Tags

, , , , ,

Yesterday we told that 175 leaders signed an agreement to limit future global warming be least 2%

Ban Kimoon says this is a moment in history, which I agree but signing the Paris Agreement doesn’t mean emissions will go down. Afficher l'image d'origine

Are we being hoodwinked or Shakespeare by worthless words on paper that don’t come into effect till the year 2020.

By then the great barrier reef in Australia will be a bleached dead sheet.

THE FIFTY FIVE COUNTRIES THAT ARE RESPONSIBLE FOR 55% OF THE WORLDS GREENHOUSE EMISSIONS WILL HAVE BY THEN PUMPED ENOUGH CO2 INTO THE ATMOSPHERE TO NULLIFY ANY REDUCTIONS. 

NOT FORGETTING THE AMOUNT OF METAIN THAT THE OCEANS AND THE ARCTIC ARE GOING TO RELEASE.

HERE ARE A FEW HARD FACTS:

No country has shared a detailed, credible strategy to achieve what scientists think is necessary: Ending the era of fossil-fuel emissions and converting entirely to clean energy no later than the middle of this century.

Not one country has said where is the Money coming from. If we want change we have to pay for it and there is only one fair way of doing this. (SEE previous posts)

There are 195 countries in existence. This does not include Kosovo (disclaimer), or  Palestine or Western Sahara or Taiwan or  Greenland or many other partly recognized states .

UN Members: 193
UN Observer States: 2
Total: 195

Whether they make good on their pledges to slow dangerous greenhouse gas emissions will depend in large part on the actions in the years ahead by the world’s largest polluters.

The United States, pledged was thrown into question in February, when the Supreme Court unexpectedly put a hold on implementing a major environmental regulation aimed at curbing greenhouse gas emissions from coal-fired power plants. Now it remains in limbo until all legal challenges have been resolved, which is likely to take at least another year.

China, has pledged to have its emissions of carbon dioxide reach a plateau or decline “around 2030,”

The European Union’s, pledge to cut emissions by at least 40 percent by 2030. Member states still must reach consensus in important areas on climate policies.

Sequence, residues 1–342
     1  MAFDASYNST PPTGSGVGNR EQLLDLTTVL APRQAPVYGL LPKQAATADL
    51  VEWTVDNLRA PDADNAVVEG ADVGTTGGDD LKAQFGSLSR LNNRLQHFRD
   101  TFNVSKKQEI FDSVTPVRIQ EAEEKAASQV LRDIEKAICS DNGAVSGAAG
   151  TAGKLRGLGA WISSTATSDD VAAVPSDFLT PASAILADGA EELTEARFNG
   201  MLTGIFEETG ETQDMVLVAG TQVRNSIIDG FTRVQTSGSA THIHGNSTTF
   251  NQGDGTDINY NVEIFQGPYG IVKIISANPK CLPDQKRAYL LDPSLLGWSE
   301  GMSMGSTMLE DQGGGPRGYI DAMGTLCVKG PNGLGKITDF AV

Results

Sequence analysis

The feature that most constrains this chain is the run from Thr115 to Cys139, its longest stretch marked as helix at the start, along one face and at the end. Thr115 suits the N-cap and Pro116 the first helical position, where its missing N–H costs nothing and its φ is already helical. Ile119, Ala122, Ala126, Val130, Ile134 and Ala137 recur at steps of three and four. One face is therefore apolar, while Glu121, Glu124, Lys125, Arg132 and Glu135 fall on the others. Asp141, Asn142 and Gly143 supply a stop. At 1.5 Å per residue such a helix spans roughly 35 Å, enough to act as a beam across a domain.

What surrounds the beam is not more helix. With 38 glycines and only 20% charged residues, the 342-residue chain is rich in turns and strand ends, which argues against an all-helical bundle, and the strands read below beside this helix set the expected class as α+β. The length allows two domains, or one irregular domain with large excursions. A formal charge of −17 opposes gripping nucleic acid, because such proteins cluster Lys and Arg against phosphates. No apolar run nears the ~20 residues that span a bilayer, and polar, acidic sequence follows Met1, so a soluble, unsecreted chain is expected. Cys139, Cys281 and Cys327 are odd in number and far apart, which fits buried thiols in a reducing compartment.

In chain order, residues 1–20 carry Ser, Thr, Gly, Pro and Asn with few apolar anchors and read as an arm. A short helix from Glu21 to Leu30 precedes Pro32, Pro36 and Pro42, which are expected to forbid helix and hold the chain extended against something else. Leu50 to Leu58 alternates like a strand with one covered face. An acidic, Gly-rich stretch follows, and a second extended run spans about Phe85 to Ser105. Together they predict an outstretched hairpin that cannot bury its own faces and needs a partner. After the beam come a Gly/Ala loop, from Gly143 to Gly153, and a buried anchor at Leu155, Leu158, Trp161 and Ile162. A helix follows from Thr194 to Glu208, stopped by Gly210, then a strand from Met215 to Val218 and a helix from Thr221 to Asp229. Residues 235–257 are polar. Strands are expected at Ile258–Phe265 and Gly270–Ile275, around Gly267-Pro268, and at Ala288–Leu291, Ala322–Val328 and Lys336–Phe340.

Perhaps the most significant pledge by India has been to increase solar power generation to 100 gigawatts by 2022, up from about three gigawatts generated in India last year. “That’s an earthshaking commitment,”

Russia has yet to make any binding pledges to reduce greenhouse gas emissions.

Brazil, President Dilma Rousseff committed to an ambitious plan to reduce her country’s emissions 43 percent from 2005 levels by 2030.

Indonesia, one of the world’s largest greenhouse gas polluters due to mass deforestation, pledged under the Paris Agreement to cut its emissions 29 percent from a business-as-usual scenario by 2030, or by 41 percent if it receives substantial assistance from the developed world.  But even with those pledged reductions, Indonesia’s emissions would still soar, nearly doubling from 2010 levels.

After a quarter-century of failed diplomatic efforts, big uncertainties hang over the climate deal even as the wording oil and gas companies continue to invest billions of dollars a year searching for new reserves of fossil fuels.

The announcement of 175 countries signing the Agreement hide’s the true position and gives the impression that the problem is being tackled.

It is already too late to eliminate the risks entirely.

We are looking at climate effects so severe that they might destabilize governments, produce waves of refugees, precipitate the sixth mass extinction of plants and animals in Earth’s history, and melt the polar ice caps, causing the seas to rise high enough to flood most of the world’s coastal cities.

So speaking up and exercising your rights as a citizen matters as much as anything else you can do.

The signing ceremony on Friday is only an intermediate step. After, countries will still have to present formal ratification documents, and the Paris Agreement will not take effect until 55 countries representing 55 percent of global greenhouse-gas emissions have done so.

All the World’s a stage– and some people are desperately unrehearsed. The US secretary of state, John Kerry, holds his granddaughter for the signing of the accord at the United Nations Signing Ceremony for the Paris Agreement climate change accord in New York.

Advertisements